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James Huntington (Redirected from James Otis Sargent Huntington)

Huntington, c. 1920s

James Otis Sargent Huntington OHC (1854–1935) was an American Episcopal priest who founded the Order of the Holy Cross, a Benedictine monastic order for men whose mother house is now located in West Park, New York.

Early and family life

James Huntington was born on 23 July 1854 in Roxbury, Massachusetts, the younger son of Frederick Dan and Hannah Huntington. While he was a child his father, a Unitarian minister, converted to the Episcopal Church, and in quick succession was ordained deacon and priest, and then consecrated Bishop of Central New York. After completing studies at St. John's Academy, Manlius, New York, where he was head boy in 1873, James went to Harvard, as had his father. After graduation, Huntington studied for the ministry at St. Andrew's Divinity School in Syracuse.[1]


Huntington, c. 1875

Huntington was ordained priest by his father on 30 May 1880. In 1880 James ministered to a working class congregation at Calvary Mission, Syracuse. The following year he went to Holy Cross Mission on Manhattan's Lower East Side. Soon after his ordination, Huntington attended a retreat at St. Clement's Church in Philadelphia and began to feel called to the monastic life. Rather than join the Society of St. John the Evangelist which had established a foundation in Boston ten years before, Huntington decided to found an American congregation, the Order of the Holy Cross with two companions, Robert Dod and James Cameron. They continued working in the poorest sections of the Lower East Side. The grueling hours and daily regimen of community life took its toll, and his companions left. On Nov. 25, 1884, at the Chapel of the Sisters of St. John the Baptist, New York City, Huntington made his profession as a monk.[1]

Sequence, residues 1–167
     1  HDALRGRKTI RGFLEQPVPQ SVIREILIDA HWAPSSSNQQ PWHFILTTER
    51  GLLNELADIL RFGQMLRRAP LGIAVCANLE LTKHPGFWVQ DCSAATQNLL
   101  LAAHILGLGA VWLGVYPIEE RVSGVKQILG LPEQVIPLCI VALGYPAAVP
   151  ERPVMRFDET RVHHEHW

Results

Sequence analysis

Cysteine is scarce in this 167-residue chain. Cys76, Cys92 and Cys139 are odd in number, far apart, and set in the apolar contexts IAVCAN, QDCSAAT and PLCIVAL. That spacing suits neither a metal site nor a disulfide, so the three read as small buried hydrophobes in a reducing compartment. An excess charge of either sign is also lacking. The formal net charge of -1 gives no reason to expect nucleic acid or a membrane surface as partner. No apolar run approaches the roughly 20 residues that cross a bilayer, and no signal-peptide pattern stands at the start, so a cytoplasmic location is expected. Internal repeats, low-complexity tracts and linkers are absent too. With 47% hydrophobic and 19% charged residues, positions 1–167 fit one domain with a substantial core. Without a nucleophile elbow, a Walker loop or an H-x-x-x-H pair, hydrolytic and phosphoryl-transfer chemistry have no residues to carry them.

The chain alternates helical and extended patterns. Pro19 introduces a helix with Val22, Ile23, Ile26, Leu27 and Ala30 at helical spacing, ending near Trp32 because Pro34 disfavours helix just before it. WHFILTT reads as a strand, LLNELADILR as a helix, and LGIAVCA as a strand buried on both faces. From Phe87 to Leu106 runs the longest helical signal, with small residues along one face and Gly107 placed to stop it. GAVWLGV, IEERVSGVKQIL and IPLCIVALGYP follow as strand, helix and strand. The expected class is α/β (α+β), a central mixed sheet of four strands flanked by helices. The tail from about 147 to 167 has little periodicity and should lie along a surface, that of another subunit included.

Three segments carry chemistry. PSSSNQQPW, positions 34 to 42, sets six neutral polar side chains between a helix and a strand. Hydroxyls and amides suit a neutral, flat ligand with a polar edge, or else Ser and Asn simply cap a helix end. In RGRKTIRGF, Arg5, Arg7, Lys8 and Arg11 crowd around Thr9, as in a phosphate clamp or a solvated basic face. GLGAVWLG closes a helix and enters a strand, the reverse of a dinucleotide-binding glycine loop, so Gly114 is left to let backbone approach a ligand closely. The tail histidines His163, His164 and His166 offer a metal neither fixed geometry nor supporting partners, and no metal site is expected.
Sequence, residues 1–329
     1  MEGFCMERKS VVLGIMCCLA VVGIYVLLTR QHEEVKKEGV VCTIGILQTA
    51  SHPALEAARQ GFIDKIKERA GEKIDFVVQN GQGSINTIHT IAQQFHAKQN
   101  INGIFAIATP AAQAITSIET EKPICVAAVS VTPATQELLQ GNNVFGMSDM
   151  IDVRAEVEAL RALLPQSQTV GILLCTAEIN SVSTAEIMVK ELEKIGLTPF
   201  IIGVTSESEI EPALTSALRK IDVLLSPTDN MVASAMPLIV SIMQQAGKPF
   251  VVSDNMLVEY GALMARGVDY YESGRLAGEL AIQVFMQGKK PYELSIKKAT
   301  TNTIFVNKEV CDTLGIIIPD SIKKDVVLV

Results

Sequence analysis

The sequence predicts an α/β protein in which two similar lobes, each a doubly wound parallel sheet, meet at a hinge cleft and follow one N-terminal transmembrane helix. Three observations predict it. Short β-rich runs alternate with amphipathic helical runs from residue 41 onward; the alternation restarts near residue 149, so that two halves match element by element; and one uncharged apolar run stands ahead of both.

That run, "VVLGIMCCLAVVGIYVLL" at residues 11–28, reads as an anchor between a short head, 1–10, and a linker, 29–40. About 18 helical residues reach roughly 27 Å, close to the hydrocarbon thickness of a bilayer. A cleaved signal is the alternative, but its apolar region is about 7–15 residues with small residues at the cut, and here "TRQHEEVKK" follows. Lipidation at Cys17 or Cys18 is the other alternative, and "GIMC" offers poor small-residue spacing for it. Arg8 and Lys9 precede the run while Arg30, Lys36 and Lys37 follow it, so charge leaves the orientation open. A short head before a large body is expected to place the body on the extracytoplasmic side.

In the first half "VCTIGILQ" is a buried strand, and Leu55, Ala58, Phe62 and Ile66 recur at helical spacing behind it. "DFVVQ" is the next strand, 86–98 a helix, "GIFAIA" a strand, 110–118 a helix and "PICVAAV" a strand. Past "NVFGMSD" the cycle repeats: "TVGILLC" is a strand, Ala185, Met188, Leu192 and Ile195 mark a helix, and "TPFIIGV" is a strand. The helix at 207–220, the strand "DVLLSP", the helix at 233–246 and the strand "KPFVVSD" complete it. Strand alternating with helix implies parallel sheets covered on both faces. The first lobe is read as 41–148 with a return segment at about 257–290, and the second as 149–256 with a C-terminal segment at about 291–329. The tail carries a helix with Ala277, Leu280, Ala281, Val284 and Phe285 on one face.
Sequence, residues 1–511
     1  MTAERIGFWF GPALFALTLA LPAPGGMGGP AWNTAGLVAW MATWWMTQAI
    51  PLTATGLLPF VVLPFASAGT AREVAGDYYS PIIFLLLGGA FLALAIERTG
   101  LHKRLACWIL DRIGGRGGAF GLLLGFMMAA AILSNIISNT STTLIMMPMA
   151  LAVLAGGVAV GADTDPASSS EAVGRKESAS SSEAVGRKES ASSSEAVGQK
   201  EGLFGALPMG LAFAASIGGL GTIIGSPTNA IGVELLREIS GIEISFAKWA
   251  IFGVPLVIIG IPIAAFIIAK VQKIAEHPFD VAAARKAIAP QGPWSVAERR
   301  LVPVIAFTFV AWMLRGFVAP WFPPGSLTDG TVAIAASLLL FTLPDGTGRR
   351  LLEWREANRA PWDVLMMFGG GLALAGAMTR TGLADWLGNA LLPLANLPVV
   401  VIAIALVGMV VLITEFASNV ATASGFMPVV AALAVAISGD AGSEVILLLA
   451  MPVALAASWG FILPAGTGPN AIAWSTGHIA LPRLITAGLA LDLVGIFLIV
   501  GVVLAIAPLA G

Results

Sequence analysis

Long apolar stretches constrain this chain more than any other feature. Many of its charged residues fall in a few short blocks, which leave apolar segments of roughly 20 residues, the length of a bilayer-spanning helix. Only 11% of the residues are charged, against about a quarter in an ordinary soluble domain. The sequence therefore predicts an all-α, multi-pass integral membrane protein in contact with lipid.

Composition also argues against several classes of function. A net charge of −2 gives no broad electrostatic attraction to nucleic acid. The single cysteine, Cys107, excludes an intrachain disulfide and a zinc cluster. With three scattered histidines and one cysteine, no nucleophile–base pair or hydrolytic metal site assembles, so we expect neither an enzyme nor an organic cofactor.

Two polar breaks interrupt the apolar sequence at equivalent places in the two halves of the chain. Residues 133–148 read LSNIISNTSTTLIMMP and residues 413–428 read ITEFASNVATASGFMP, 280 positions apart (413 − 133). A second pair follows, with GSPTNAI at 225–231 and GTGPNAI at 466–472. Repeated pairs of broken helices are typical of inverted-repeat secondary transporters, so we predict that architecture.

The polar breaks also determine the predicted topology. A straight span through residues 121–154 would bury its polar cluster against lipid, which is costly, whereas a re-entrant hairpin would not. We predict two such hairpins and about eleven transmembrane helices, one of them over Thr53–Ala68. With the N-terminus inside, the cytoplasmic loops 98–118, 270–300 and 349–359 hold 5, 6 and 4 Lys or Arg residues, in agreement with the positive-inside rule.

Huntington also became involved in the labor union and Georgist land-tax movements. He was later a founder of the Church Association for the Advancement of the Interests of Labor, and was an early member of the Knights of Labor.

The Order of the Holy Cross chose Huntington as Superior for several non-consecutive terms.[1] However, he concentrated his time and energy on parish and missionary work. Under his leadership, the order moved to rural Westminster, Maryland, in the 1890s, and in 1902 to West Park, New York.[2]

The cornerstone for the order's monastery, which now serves as its guest house, was laid in 1902, and the building was finished in 1904. Designed by Gothic-Revival Architect Henry Vaughan, it was the first building built for an Anglican religious order since the reign of Henry VIII. Huntington also founded or help found St. Faith's Home for Wayward Girls in Tarrytown, New York, St. Andrew's School at Sewanee, Kent School in Kent, Connecticut (in 1906 by Frederick H. Sill),[3] and a Mission in Liberia, Africa.

Death and legacy

Huntington died on 28 June 1935[2] and is buried in the Monastery Church of St Augustine in West Park. The order he founded remains active; several of the schools the order founded also continue teaching children. The Episcopal Church commemorates Huntington annually on the anniversary of his entry into monastic life, 25 November 1884.


  1. ^ a b c "Huntington, James Otis Sargent", The Episcopal Church
  2. ^ a b "James Otis Sargent Huntington, Priest and Monk, 1935", Standing Commission on Liturgy and Music of the Episcopal Church
  3. ^ "Archived copy". Archived from the original on 19 January 2015. Retrieved 13 January 2015.CS1 maint: archived copy as title (link)


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